Family Offices: Asset managers in transition
Family offices are an important group within asset managers. They represent individuals or families who have a high level of private wealth. But why do they choose to give their money to family offices rather than traditional fund companies? Where do they look for attractive investments?
by Enrico Prinz
Wiesbaden, October 15, 2021. Family offices are private asset managers that serve individuals with assets of at least one million Euro (high net worth individuals). Individuals with assets of at least 30 million Euro are classified as Ultra High Net Worth Individuals. Most family offices in Europe, in terms of population, are in Switzerland. The country is extremely attractive to the ultra-rich with its tax laws, proprietary secrecy and independence. Examples of such super-rich families in Germany are the entrepreneurial families Quandt, Klatten and Porsche.
Single family offices serve an individual and his or her family, while multifamily offices serve a few families, which thus benefit from economies of scale. In addition, a family office can provide legal and tax advice and plan the family’s estate and succession. This means, that it doesn’t have to be responsible for just asset management alone.
Family Offices: In search of high returns
Family offices have some advantages over investment companies. They are not subject to disclosure requirements, meaning that they can operate discreetly and away from the public eye. Additionally, they are accountable only to the family whose assets they manage and no other customers. For them, the question is where to expect a high return on the capital invested. As in most countries, there is a focus on the home market in Germany, i.e., there is a preference to buy German securities: Distances are short, all parties speak the same language, and there are no cultural differences to consider.
However, German investors are also paying more and more attention to the Asian stock market. A trip by Asian companies to Europe to hold a roadshow is very costly, but it offers enormous potential. There are many wealthy families located in Germany, looking for a good return on their investment. Tempting returns can be found in Asian markets such as Singapore, Hong Kong, Korea and China. However, these also come with a certain amount of risk.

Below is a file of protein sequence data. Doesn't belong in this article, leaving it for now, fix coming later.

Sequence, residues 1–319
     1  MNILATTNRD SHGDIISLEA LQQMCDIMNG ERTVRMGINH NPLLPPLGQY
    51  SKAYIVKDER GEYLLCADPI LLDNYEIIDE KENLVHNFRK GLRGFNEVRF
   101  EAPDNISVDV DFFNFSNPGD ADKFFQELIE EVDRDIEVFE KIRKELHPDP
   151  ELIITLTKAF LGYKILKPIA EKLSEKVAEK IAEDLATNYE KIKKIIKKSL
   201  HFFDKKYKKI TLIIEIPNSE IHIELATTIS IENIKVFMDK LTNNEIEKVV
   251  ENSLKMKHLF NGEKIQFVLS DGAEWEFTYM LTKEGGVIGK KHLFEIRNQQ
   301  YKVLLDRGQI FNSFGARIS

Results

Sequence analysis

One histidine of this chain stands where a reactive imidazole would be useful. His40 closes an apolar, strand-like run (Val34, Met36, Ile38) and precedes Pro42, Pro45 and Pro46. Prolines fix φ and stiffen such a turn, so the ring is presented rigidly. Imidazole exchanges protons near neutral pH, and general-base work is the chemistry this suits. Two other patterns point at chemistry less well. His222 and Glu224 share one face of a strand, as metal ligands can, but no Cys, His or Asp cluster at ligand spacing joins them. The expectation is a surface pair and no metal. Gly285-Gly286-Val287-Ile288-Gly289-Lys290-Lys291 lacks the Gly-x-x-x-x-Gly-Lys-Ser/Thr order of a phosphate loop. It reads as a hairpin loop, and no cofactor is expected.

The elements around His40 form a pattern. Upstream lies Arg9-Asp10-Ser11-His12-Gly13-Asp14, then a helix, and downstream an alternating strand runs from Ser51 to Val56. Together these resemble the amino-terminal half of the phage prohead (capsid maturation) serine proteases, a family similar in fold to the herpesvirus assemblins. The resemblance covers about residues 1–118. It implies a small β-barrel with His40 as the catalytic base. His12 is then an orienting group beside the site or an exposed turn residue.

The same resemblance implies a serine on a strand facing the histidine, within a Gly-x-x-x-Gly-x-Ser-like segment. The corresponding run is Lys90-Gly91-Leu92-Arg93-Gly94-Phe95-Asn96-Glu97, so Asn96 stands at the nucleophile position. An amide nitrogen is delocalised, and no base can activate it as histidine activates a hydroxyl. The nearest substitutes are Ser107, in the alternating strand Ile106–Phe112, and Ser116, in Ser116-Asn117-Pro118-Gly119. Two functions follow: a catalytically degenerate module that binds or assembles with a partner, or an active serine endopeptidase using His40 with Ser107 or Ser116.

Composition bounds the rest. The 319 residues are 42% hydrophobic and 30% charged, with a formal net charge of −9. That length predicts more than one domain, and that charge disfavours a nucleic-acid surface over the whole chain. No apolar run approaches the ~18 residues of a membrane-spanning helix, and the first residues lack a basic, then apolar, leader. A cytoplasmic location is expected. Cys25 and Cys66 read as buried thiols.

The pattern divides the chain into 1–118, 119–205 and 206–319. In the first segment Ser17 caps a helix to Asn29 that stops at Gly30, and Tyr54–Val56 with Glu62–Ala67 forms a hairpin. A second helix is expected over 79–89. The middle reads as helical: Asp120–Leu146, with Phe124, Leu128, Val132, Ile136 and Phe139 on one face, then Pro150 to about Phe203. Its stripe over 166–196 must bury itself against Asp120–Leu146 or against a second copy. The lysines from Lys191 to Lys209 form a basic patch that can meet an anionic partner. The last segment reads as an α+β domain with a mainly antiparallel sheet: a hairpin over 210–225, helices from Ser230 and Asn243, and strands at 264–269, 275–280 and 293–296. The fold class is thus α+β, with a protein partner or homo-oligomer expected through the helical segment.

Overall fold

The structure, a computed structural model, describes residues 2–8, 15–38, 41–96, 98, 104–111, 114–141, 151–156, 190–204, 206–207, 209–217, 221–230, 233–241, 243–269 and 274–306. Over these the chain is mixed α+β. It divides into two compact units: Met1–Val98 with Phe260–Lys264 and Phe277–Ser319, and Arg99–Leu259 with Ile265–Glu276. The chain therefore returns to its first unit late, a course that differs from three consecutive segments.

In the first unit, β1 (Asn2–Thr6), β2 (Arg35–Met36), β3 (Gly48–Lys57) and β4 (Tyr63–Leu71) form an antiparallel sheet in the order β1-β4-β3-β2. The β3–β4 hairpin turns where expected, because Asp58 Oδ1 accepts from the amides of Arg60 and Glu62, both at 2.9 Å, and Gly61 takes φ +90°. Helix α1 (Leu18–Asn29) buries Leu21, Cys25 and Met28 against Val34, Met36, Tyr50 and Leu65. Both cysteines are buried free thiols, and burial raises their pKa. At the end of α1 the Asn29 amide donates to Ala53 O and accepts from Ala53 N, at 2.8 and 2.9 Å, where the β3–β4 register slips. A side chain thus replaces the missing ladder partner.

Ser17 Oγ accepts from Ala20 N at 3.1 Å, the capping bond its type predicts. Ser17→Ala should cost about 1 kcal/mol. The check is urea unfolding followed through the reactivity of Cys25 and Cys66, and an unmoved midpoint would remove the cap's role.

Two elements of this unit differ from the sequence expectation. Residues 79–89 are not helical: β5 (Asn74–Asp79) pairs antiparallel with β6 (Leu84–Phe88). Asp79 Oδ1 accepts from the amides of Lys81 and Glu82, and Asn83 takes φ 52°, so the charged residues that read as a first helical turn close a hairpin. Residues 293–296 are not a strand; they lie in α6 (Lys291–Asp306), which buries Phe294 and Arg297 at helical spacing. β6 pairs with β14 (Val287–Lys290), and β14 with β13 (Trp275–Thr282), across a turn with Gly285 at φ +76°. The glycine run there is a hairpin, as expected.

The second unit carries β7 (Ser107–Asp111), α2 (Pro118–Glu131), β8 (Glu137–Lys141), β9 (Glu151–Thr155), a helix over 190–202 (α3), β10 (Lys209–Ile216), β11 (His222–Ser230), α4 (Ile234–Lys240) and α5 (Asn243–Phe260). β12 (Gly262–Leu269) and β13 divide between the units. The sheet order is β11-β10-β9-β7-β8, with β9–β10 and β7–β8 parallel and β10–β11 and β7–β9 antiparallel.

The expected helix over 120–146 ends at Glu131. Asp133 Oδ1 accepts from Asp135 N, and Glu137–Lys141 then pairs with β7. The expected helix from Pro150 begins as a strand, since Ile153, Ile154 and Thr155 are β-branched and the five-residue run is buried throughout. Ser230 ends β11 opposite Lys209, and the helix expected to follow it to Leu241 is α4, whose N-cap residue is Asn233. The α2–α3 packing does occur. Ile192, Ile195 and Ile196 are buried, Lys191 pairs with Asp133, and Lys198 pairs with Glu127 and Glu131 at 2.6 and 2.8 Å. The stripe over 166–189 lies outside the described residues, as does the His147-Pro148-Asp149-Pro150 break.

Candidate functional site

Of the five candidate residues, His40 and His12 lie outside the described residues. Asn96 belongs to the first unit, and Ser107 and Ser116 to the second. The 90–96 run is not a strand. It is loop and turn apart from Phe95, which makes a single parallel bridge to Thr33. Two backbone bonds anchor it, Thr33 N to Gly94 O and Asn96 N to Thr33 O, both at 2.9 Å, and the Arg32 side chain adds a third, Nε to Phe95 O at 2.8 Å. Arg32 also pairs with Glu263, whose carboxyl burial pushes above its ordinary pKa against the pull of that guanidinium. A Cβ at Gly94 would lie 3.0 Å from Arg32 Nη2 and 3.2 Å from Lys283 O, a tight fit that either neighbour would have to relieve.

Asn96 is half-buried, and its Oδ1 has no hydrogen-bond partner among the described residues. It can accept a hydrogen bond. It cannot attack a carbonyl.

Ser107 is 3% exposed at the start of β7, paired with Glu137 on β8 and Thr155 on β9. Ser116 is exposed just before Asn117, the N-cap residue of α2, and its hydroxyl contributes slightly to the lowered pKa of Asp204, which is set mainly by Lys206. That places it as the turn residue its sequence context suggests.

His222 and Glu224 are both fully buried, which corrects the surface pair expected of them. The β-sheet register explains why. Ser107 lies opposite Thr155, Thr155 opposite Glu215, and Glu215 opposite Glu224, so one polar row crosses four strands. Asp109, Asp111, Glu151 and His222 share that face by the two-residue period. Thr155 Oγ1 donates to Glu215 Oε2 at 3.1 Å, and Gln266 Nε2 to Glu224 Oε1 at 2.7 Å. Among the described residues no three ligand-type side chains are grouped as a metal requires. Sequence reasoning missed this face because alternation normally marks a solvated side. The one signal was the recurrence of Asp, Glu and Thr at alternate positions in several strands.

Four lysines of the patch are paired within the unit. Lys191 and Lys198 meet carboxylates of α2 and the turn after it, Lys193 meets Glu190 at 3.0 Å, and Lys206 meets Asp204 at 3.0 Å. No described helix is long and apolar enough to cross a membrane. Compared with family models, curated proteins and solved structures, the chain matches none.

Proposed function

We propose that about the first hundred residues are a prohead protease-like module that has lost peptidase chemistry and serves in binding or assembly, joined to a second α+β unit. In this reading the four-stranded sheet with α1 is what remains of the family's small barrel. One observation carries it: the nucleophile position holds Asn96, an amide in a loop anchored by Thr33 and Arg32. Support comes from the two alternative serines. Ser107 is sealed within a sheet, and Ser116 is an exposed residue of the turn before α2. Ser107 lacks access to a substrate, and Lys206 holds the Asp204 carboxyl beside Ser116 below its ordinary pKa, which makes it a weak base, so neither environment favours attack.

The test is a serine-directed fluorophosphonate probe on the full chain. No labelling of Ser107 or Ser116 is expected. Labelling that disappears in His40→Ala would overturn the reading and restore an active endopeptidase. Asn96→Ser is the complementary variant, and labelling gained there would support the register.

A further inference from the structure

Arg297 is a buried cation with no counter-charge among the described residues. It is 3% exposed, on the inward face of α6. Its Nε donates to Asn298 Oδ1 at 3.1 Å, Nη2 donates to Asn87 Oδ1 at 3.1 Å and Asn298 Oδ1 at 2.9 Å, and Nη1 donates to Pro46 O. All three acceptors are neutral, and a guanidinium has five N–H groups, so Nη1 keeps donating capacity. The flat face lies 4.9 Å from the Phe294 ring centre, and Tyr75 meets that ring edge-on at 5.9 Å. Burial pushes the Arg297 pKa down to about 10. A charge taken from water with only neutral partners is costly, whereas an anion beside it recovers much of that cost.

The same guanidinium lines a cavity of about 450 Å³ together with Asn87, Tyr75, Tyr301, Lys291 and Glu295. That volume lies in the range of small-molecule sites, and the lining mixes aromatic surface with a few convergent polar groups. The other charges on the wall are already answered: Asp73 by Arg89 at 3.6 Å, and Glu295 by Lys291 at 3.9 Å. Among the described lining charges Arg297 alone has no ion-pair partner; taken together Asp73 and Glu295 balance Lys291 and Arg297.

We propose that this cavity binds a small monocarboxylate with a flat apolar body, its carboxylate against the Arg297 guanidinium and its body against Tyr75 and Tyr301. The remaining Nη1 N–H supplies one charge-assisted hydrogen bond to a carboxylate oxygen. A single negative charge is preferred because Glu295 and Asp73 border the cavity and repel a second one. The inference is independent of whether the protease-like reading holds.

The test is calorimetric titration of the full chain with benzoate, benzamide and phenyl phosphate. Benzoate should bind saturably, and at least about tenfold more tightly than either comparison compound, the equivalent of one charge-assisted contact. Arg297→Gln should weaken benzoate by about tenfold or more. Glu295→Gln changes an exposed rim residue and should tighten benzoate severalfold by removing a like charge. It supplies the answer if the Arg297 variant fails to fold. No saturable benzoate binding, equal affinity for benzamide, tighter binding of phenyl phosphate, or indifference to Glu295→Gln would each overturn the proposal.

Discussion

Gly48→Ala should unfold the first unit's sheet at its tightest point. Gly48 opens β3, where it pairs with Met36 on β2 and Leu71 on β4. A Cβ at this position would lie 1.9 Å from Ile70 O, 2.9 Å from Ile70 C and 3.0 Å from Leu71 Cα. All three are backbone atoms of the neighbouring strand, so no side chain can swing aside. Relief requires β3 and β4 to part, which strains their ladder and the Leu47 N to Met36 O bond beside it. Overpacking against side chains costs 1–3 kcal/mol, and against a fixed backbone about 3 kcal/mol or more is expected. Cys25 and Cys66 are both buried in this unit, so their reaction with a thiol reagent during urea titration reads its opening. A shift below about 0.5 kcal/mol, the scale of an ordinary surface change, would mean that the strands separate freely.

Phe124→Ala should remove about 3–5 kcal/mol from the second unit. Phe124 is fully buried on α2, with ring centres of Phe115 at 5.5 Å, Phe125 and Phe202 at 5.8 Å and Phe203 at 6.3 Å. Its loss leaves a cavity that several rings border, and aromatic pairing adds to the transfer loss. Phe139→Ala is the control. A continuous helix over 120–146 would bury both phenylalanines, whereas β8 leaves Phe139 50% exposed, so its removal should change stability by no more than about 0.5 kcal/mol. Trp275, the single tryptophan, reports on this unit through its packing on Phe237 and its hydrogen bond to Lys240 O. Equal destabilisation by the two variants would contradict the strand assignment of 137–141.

Japan as an investment trend
Due to comparatively low volatility and stable political and economic conditions, Japanese companies in particular have proven attractive in recent years and are increasingly attracting investors and family offices from all over Europe. The fact that Japanese companies are often run by families represents a common aspect that builds trust within the German families that are willing to invest. The appeal of the exotic combined with Asian values makes an investment very attractive to European family offices. Investments in the Asian markets can also be made very discreetly without attracting major attention.
Managing considerable sums of family assets requires a lot of time and effort. Those who intend to preserve or, ideally, even increase their wealth need not only time but also expertise in many different areas, including tax law, finance and investments. Reconciling all of these areas is the job of family offices.
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Enrico Prinz: Consultant
After his studies in political science with a focus on NGOs, governance and civil society, Enrico Prinz gained many years of experience in the field of international energy policy in development cooperation and fundraising for an international non-governmental organization.